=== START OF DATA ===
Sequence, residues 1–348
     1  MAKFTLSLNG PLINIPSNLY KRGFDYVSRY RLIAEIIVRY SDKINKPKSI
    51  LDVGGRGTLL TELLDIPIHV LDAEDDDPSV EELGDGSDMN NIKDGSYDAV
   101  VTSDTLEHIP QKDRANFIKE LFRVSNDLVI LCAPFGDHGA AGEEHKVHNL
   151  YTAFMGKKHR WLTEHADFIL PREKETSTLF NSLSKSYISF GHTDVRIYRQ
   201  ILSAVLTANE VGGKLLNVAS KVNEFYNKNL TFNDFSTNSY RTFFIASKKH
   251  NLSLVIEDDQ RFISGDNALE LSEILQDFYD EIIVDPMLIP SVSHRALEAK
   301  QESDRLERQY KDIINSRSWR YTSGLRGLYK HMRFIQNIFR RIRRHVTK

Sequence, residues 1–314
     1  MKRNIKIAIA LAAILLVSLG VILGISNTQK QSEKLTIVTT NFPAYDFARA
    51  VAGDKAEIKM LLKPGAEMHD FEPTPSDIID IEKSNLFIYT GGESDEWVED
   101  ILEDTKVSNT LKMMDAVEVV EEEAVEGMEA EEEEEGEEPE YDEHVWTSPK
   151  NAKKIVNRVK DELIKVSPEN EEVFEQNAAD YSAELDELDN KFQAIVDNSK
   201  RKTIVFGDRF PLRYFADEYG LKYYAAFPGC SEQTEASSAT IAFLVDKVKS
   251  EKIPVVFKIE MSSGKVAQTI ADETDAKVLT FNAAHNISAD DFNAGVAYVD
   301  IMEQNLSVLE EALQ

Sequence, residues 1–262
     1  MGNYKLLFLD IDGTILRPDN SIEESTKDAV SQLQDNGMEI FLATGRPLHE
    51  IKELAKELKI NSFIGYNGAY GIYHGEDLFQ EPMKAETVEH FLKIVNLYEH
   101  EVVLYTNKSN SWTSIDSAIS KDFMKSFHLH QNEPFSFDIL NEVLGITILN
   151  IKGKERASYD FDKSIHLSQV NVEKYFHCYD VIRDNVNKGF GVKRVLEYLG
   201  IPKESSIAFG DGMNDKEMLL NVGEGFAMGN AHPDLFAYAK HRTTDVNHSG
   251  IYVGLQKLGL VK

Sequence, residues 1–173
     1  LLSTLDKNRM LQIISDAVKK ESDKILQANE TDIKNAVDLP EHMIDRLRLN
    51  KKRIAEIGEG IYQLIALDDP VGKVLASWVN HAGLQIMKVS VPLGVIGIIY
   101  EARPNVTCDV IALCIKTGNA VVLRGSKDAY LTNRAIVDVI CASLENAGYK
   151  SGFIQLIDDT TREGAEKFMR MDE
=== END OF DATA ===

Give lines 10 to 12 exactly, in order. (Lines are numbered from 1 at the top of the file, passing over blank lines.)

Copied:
     1  MKRNIKIAIA LAAILLVSLG VILGISNTQK QSEKLTIVTT NFPAYDFARA
    51  VAGDKAEIKM LLKPGAEMHD FEPTPSDIID IEKSNLFIYT GGESDEWVED
   101  ILEDTKVSNT LKMMDAVEVV EEEAVEGMEA EEEEEGEEPE YDEHVWTSPK